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Causa, Origin


CAUSA

Causa means cause. That is, the literal translation of the word. The reality is that no known explanation of the dish’s name is convincing enough. The recent revival of Peruvian Comida Criolla has brought up a number of books and researchers, each one with a different interpretation of the origin of this most popular plate. 

One of the stories has it that during the war with Chile, in the late 1800’s, the army failed to provide enough food to the troops, and the soldiers’ wives had to supplement their paltry rations from their own pocket. Their budget was pretty tight and all they could ill-afford was potatoes of the yellow “Amarilla” variety that is so dear to Peruvians for its starchy, velvety texture and aromatic quality. Not having anything other than salt, a few key limes and spicy hot aji peppers, ubiquitous in the country, the ladies boiled the potatoes in salted water. Once cooked, they peeled the potatoes and mashed them, added crushed aji peppers and many drops of lime juice. A Spaniard fighting along the Peruvian soldiery volunteered his most precious treasure, which he had received from his mother and which he kept hidden under his campaign mattress. He produced a half full bottle of olive oil. Added to the mashed potato mix, it made it more kneadable, gave it body and improved its taste by an order of magnitude. Knowing that just spicy potatoes with oil and lemon would not satisfy their hungry husbands, the senoras went around knocking doors and asking patriotic citizens to contribute to “la causa”, the cause. With the addition of fragrant red onions, cans of pickled sardines and a sprig of cilantro they created the dish. The onions were summarily chopped into fine pieces, fate that was shared by the cilantro, and were then mixed together with chunks of sardine and seasoned with salt, pepper and lime juice. So prepared, they served as an appetizing topping for the Causa mix, which had already been molded on the ladies’ hands in the shape of concave buns. 

The story may be completely spurious but it nevertheless makes a clear point about the origins of the creation: humble and uniquely Peruvian. Unlike Ceviche or Arroz con Pollo which are made in many Latin American countries, or Pisco, the Peruvian national drink, which origin is hotly contested by Chile, there is no similar dish anywhere in the Americas, making it a truly undisputed Peruvian creation. Causa is a favorite appetizer of Peruvians, for all good reasons. It is easy to make and its tangy flavor is refreshing, slightly spicy and citrusy.  It is also very versatile, being served as an appetizer or as a main course and amendable to a variety of fillings or toppings.  It is a great picnic meal and kids love it. Causa can also be stored it in the fridge for up to two or three days, depending on the filling. Causa is usually filled with canned tuna or shredded chicken but you can have it vegetarian –with avocado, cooked green peas and carrot- or filled with shrimp tails or other seafood, like octopus.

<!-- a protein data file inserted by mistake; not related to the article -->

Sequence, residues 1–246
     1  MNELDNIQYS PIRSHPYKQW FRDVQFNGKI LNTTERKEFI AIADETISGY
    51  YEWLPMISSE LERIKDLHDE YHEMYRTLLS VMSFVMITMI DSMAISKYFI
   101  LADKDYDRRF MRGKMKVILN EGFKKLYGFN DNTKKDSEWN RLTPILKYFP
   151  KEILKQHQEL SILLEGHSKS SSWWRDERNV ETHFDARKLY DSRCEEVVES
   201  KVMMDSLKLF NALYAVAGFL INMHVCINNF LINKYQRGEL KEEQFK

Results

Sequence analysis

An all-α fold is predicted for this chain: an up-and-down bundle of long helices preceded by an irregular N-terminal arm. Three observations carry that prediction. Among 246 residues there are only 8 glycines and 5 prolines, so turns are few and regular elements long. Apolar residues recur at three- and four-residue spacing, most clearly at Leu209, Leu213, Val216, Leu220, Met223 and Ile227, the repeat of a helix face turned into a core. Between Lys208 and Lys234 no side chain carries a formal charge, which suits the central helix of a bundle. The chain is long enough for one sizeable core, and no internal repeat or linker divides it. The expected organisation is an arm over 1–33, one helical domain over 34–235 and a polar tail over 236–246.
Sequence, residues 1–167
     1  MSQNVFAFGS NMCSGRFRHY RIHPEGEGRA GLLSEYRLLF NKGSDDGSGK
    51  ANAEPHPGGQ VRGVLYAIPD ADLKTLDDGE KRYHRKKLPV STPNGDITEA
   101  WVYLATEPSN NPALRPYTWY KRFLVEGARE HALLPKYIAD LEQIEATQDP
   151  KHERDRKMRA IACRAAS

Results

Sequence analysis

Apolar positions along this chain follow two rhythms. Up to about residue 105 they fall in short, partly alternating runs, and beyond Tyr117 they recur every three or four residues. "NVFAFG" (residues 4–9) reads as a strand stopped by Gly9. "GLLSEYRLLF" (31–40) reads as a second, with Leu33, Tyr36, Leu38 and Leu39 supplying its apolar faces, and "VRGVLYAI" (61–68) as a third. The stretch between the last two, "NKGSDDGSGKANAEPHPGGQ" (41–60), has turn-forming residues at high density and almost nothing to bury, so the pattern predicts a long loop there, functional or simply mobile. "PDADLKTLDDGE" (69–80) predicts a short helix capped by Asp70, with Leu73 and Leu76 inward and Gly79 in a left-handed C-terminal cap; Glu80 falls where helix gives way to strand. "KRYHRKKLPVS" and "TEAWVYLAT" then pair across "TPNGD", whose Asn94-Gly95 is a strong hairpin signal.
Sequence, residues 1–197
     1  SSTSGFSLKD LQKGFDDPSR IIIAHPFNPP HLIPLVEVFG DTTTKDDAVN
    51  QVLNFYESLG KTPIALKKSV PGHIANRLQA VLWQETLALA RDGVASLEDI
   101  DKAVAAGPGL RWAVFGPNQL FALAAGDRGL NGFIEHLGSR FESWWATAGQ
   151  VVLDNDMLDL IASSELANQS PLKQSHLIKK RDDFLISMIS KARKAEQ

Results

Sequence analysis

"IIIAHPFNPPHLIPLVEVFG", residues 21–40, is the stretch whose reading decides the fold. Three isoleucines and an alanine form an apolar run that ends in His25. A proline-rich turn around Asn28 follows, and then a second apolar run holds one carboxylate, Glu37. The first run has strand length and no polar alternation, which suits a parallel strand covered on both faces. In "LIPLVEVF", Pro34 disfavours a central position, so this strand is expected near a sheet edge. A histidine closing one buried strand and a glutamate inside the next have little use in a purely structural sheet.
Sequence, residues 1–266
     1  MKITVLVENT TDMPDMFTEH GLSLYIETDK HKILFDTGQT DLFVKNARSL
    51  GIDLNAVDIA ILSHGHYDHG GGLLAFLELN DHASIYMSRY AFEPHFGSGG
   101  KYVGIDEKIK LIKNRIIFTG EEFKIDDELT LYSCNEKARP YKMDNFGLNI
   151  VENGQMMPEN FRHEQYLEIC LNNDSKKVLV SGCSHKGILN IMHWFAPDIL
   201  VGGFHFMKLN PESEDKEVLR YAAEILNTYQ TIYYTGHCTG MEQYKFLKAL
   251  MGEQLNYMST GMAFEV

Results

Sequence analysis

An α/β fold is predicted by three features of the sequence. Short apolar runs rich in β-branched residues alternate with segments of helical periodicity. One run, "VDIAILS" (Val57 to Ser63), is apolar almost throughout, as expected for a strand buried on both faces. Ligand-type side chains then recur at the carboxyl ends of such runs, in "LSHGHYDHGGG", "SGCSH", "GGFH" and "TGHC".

Pair with Pinot Griggio or New Zealand Sauvignon Blanc

.

2 pounds Yukon Gold potatoes, cooked in salted water and peeled

3 teaspoons dried yellow aji amarillo powder or a whole aji Amarillo pepper if you can get the conserved product.

1 teaspoon salt

2 tablespoons oil

 Filling

 1 cup cooked, finely chopped light and dark chicken meat

1/2 cup finely chopped red onion

2 sprigs of cilantro, chopped fine

1/2 cup mayonnaise

Salt to taste

The Causa

Oil for the pan

1 cake pan or Pyrex dish, 8 inches long by 4 inches wide

1/2 teaspoon finely chopped parsley

Ingredients

-2lb potatoes (Yukon Gold)

-½ cup vegetable oil (not olive oil)

-2 red onions, finely chopped

-Aji Amarillo

-lemon

Preparation

Potato paste. Cook 2 pounds of Yukon Gold potatoes in salt water until tender, but do not overcook. Strain and cool enough so that you can peel them. Potatoes should not cool down completely, as they are not easy to work with when cold. Mash thoroughly and set apart. In blender put together ¼ cup vegetable oil, two teaspoons of aji Amarillo (if you have dry powder) or two to three whole seeded peppers (if you got the glass jar version) and the lemon juice. Mix at low speed until homogeneous. Knead the potato mash, adding the blended mix gradually until a firm paste is formed. Using hands, grab a handful of the paste and shape it into a bun. With fingers make a cavity on the top and put away in fridge. 

Topping. 

Chop half red onion (or a whole one if you like the taste of this great vegetable) and rinse thoroughly under running cold water if too pungent.  Strain and mix in a bowl with ½ cup of mayonnaise and the juice of two key limes or one thin skinned lemon. Add your filling of choice: Canned tuna, cooked shrimp tails, shredded cooked chicken or mixed vegetables, avocado, etc. Serve this mix in the cavity formed in the potato paste. Sprinkle with finely chopped cilantro or parsley, further cool in fridge and it is ready to serve.

Autor:

Ivan Vino is a former tropical forest researcher in the Peruvian Amazon turned Researcher in the Bering Sea turned Wine lover blah blah blah and Feliz Navidad!

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